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Litigators are expected to cover every base when developing briefs for a case, so one of the tasks they often undertake is to compare opposing briefs and motions, one argument at a time. This enables them...
The science of business analytics has had a major impact on the way lawyers approach their legal work. Through data-driven technologies, savvy legal teams can glean insight and give themselves a significant advantage in the courtroom. Never heard of legal analytics? Here’s a good primer along with a handy list of Eight Legal Analytics Terms You Should Know.
Context, a powerful legal tool from the Lexis Analytics™ suite, takes data analysis to another level to help you create a strong case strategy.
Update: In the Spring of 2020, Context added a powerful module for Company Analytics to its toolkit. You can read an in-depth article on that addition here.
Built on powerful natural language processing capabilities, Context uses machine learning technology to help attorneys pinpoint precise court language. Only Context offers true case law language analytics.* It also extracts judge and expert witness data to help you do things like predict motion outcomes or see why an expert was challenged.
Click below to get a free trial* of Context.
It’s a major understatement to say that human speech and writing patterns can vary greatly—and that has major ramifications in the legal industry where individual words and phrases carry a great deal of significance. That means, in order to effectively comb through a document, a computer must learn how to recognize and interpret written human language in order to retrieve the right information for a requested search.
And that’s precisely what the data scientists and attorneys over at Ravel™ and LexisNexis® spent years doing. Through a meticulous machine learning approach, the Context tool can now pinpoint specific court language that’s relevant to your search query.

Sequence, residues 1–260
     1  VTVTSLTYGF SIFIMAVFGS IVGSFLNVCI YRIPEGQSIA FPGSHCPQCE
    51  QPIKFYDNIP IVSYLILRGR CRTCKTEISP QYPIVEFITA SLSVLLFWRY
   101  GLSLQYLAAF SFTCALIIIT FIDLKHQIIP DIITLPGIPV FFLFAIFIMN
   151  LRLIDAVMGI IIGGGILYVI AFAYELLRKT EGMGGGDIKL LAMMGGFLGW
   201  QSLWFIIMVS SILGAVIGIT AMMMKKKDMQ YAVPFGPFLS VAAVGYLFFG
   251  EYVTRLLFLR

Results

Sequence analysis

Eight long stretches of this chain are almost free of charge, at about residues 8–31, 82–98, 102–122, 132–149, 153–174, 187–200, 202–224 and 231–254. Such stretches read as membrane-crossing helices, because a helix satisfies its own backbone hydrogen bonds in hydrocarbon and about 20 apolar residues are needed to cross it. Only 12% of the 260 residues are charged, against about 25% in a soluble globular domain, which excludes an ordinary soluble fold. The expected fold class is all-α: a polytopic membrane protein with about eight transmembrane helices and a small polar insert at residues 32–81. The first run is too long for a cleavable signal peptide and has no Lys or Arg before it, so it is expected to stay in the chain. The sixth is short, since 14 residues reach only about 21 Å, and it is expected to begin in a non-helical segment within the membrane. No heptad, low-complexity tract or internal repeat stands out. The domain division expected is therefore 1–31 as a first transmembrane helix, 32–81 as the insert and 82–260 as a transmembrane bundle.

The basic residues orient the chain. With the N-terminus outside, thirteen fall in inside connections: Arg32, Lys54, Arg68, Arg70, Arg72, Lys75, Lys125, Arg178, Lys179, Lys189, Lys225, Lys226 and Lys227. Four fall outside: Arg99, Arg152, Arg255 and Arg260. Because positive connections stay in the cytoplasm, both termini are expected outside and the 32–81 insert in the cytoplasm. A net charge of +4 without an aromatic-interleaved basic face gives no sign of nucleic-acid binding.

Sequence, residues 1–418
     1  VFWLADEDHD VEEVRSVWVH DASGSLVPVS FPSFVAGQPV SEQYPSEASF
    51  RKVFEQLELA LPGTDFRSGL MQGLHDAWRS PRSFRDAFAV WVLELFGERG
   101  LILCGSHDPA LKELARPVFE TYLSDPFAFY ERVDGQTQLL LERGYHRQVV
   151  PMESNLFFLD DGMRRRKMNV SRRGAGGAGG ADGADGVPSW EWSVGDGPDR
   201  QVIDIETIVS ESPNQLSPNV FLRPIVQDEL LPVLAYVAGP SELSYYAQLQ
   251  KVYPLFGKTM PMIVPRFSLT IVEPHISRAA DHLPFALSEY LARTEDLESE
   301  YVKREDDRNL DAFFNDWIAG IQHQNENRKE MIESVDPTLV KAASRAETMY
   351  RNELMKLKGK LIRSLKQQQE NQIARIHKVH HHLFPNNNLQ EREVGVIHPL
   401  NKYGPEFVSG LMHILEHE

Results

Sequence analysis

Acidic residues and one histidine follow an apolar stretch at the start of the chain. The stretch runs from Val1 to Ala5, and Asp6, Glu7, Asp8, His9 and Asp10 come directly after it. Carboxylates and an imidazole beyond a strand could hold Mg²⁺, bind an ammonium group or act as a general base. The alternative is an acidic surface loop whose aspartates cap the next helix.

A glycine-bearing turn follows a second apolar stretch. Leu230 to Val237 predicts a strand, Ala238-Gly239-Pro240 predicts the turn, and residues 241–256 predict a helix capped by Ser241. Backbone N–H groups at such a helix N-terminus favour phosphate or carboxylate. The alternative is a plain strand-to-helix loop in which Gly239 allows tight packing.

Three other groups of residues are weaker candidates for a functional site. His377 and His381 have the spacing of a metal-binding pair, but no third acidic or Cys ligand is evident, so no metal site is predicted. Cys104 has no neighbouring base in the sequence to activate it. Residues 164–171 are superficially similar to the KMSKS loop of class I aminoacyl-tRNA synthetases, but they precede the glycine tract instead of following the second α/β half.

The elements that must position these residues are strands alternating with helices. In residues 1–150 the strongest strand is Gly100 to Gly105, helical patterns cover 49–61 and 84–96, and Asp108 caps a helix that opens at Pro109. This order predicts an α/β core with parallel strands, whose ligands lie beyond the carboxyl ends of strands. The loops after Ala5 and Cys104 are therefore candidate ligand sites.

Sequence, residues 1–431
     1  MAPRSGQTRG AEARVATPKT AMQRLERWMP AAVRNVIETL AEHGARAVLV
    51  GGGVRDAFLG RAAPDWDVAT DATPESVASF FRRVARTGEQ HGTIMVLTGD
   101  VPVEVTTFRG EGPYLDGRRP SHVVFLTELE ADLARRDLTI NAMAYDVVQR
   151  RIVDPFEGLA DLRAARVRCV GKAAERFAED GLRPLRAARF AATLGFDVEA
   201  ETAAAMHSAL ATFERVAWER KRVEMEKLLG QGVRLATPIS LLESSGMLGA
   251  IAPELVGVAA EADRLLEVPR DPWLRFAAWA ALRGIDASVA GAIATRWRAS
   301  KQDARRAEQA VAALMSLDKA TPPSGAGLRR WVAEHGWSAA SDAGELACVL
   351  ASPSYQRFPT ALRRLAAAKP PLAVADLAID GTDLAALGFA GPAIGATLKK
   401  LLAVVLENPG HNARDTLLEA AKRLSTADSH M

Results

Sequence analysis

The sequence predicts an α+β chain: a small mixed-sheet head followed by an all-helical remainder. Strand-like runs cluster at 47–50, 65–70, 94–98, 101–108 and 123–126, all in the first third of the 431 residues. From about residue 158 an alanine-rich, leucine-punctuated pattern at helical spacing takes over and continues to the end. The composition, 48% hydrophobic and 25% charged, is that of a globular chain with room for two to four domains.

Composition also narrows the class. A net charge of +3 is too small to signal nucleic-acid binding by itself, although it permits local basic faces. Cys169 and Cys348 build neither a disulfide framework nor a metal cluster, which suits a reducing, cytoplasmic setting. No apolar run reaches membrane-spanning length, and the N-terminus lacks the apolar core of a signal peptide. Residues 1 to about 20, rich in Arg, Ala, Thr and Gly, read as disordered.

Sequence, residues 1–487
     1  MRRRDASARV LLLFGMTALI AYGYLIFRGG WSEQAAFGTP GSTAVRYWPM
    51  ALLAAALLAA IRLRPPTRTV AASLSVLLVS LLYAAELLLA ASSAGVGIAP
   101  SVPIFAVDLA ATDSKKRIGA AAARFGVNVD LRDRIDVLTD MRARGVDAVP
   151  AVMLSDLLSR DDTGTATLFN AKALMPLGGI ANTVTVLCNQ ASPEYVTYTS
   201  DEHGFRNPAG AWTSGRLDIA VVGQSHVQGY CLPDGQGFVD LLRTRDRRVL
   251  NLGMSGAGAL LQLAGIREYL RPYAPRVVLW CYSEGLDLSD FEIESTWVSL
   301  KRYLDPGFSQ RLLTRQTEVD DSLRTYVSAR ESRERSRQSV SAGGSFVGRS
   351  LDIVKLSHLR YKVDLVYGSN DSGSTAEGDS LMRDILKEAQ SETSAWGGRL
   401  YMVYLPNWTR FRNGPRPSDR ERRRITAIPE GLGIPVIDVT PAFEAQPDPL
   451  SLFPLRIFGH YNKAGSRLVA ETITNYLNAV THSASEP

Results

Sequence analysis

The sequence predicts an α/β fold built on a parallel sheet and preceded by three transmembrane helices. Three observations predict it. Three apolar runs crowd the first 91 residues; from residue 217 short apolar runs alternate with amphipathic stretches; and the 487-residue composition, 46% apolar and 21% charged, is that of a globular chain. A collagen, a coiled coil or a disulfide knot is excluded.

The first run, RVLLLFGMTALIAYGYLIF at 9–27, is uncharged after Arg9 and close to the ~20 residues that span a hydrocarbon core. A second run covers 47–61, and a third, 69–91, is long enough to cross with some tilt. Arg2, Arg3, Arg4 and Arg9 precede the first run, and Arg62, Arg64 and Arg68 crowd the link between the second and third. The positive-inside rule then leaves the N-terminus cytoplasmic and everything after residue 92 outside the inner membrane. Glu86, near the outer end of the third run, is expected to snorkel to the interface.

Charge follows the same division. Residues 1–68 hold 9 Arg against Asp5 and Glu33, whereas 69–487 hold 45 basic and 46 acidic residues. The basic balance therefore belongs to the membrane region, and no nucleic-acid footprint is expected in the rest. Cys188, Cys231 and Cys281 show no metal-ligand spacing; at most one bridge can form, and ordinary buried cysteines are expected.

So, now that you know what Context does, how can it help your legal preparation? Simple: by knowing the precise language a judge has used in the past, you can turn around and incorporate that same language into your argument.
That means, since you’re literally using the judge’s own words, that they’ll likely find your argument compelling. And you’ll also be able to see opinions and jurists your judge cites most often—again, allowing you to mine for relevant language that they’ll likely want to hear.
Better still, Context will serve up the case in question, so you can read the details of the decision. And, via the Related Materials tab, you can find all the documents within the Lexis® database related to your judge.
While fortune-telling crystal balls are still the realm of fantasy, you can use data analytics to predict certain behavior within a relative degree of accuracy. This is another area in which Context shines. It’s able to analyze motion rates for a particular judge, so you can estimate the success of your own motion.
Say, for instance, you use Context to see that your hypothetical judge has a 96 percent denial rate for previous motions to compel. That tells you that, if your strategy includes a motion to compel, you’ll be fighting an uphill battle to get it granted—and you may want to choose a different tactic.
No crystal ball required.
What if you could see how your expert witness has been challenged in the past? Using data-driven analytics, you’re able to use Context to reveal how an expert’s testimony has fared under scrutiny. More importantly, you can glean critical intel on why testimony was included or excluded, along with what sort of cases a specific expert is most often used in.
That’s all handy information if you’re selecting an expert to buttress your case—and maybe even handier if you’re looking to cast doubt on the opposition’s expert.
If this all sounds good to you, you’ll really like this next part: LexisNexis will give you a personalized demo of the Context tool, so you can see firsthand how legal analytics can benefit your legal work.
Click here to get a Free Trial of Context*
*Data based on information available as of February 2019.